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FINE Newsletter, Volume II, Issue 3
Issue Topic: Using Student Data to Engage Families

Voices From the Field

Maria C. Paredes, Director of Community Education at Creighton School District in Arizona, discusses one of the district’s family engagement strategies that was developed—in part—from data she collected demonstrating that parents were more interested in attending academically-oriented activities than other types of events such as potlucks or family-fun nights.

Creighton School District is a small urban community in Arizona with approximately 7,200 students, of whom 85% are Hispanic and 90% qualify for free and reduced-price lunch. Children in the district are tested informally on a weekly basis and then formally every quarter with a district-developed standards-based assessment in the areas of reading and math. To help families better understand the results of these tests, educators in the Creighton School District have reorganized the structure of parent–teacher conferences to accommodate the shift to a more focused discussion around data.

A new paradigm for the parent–teacher conference

Instead of relying on traditional parent–teacher conferences, Creighton gives the option for teachers to use a new program consisting of Academic Parent–Teacher Teams (APTT). Teachers who elect to participate in Academic Parent–Teacher Teams (APTTs) agree to hold 75-minute parent team meetings three times a year and individual parent–teacher meetings once a year. (See text box for a description of the two main components.) This structure diverges from the usual parent–teacher conference schedule where teachers hold 15-minute individual conferences at the beginning and end of the school year. Instead, parents of children in the entire class come together three times over the school year to analyze data together as a team.

Presenting the Data: During team meetings, the teachers provide data on aggregate classroom performance. Each parent receives a folder containing his or her child’s academic data and is able to understand the child’s performance in relation to the rest of the class on standards for reading and math. Over the course of the year the data also depict how a child is progressing in relation to these standards. Teachers present the data in creative and concrete ways. For example, some teachers make a linear achievement line designating where the “average” child might score at different points in the year and ask parents to chart where their own child falls. Other teachers have parents color bar graphs to represent areas their child has mastered.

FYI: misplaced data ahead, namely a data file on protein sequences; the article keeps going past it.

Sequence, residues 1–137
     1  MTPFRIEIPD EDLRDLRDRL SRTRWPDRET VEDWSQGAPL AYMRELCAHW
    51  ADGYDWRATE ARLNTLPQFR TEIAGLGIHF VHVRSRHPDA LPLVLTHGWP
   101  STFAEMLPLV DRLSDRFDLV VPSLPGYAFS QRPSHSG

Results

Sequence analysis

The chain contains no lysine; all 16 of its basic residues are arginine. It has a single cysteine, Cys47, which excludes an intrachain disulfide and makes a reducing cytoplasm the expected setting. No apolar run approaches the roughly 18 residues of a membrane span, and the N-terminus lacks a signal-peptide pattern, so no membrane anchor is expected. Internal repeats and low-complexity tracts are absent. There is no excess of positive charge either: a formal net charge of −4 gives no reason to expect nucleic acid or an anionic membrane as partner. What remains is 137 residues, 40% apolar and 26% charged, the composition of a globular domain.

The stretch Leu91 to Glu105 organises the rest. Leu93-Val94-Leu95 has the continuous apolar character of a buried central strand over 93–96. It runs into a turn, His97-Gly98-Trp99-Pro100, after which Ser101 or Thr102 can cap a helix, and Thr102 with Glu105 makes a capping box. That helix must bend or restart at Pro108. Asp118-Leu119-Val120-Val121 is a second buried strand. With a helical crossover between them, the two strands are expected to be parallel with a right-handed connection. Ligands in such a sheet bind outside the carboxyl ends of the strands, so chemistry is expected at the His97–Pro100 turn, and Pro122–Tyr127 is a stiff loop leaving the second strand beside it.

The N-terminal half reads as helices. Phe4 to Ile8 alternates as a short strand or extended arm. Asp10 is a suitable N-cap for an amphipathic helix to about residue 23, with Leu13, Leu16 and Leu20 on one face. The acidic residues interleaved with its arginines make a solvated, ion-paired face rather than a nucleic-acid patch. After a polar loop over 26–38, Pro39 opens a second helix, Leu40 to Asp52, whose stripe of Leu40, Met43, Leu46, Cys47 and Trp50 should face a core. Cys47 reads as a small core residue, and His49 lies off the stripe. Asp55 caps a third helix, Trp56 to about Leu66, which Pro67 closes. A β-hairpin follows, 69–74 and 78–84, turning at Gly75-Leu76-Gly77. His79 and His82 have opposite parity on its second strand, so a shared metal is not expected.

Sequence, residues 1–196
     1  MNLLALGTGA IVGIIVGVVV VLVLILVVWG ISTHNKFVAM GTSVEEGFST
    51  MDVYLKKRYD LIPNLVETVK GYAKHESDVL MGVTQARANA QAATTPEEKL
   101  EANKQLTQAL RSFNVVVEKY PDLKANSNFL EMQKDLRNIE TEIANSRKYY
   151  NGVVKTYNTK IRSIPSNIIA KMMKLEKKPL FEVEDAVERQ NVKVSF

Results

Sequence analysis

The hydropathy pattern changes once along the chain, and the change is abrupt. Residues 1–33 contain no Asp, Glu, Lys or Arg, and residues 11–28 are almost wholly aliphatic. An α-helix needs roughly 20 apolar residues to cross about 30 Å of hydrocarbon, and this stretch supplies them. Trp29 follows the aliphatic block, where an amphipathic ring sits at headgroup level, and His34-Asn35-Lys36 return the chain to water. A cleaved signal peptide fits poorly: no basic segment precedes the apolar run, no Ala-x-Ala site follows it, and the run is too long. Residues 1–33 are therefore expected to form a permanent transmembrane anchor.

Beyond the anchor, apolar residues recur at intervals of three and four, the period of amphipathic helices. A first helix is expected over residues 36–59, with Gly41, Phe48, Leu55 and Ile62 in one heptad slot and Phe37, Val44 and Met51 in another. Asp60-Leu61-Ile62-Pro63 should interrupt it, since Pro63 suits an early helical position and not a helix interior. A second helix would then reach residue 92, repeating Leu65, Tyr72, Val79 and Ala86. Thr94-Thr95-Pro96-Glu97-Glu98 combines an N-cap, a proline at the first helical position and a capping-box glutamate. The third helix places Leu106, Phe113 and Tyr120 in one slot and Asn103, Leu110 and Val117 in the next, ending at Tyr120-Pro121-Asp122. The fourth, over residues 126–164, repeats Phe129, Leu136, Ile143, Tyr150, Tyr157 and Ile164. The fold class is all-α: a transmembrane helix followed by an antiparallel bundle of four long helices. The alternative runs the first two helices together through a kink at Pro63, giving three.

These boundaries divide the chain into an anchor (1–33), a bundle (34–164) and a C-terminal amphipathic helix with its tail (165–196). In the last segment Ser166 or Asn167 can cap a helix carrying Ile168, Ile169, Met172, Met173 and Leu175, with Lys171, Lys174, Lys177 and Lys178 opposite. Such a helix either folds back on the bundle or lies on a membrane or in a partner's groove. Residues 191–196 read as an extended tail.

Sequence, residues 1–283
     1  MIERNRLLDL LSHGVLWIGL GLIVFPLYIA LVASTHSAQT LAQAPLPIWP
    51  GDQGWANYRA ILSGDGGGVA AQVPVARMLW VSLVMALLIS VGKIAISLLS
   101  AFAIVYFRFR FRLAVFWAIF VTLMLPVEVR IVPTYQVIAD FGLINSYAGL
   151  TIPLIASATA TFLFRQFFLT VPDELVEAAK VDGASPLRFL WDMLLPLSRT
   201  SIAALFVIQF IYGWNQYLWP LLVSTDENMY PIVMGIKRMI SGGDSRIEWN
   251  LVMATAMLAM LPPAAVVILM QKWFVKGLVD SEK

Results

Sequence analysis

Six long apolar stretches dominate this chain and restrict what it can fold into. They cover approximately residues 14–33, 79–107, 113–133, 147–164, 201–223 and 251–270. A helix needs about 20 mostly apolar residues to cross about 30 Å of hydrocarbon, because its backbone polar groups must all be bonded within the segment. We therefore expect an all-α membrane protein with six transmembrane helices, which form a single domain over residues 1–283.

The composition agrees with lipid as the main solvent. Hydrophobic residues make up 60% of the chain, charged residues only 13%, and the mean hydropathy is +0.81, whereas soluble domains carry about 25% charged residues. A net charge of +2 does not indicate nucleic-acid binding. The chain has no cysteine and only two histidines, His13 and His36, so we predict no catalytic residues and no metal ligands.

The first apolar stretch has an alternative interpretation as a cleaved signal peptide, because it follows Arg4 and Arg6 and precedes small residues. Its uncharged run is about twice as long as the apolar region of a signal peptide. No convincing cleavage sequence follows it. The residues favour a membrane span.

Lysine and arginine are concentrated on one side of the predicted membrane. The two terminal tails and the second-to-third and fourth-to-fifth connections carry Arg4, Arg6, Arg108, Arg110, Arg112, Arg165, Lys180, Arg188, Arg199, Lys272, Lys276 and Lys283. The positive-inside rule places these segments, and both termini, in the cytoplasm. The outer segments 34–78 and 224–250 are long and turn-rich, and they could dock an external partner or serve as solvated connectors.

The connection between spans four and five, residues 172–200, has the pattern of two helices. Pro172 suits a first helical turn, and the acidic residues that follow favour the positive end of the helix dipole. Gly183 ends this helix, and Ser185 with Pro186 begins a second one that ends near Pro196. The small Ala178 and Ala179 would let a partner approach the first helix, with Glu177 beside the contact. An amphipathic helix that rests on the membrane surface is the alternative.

Academic Parent–Teacher Teams involve two main components:

  1. Three 75-minute classroom team meetings each year.  These team meetings are initiated by a personal invitation to the parent by the teacher, and consist of the teacher, the entire class of parents, and a parent liaison.  Each meeting includes a review of student academic performance data, parent–student academic goal setting, teacher demonstration of skills to practice at home, parent practice, and networking opportunities with other parents.
  2. One 30-minute individual parent–teacher conference.  In this yearly individual meeting parents and teachers review student performance data and create action plans to optimize learning.

Click here to view two videos about Creighton's Academic Parent–Team training.

Setting Goals: The teacher then helps parents set 60-day goals for their child based on his or her academic scores. For example, if the standard is for 1st graders to learn 120 high-frequency words by the end of second quarter, children working ahead of the curve might have a goal of mastering all 120 by the end of November, whereas a child behind the curve might have a goal of 75.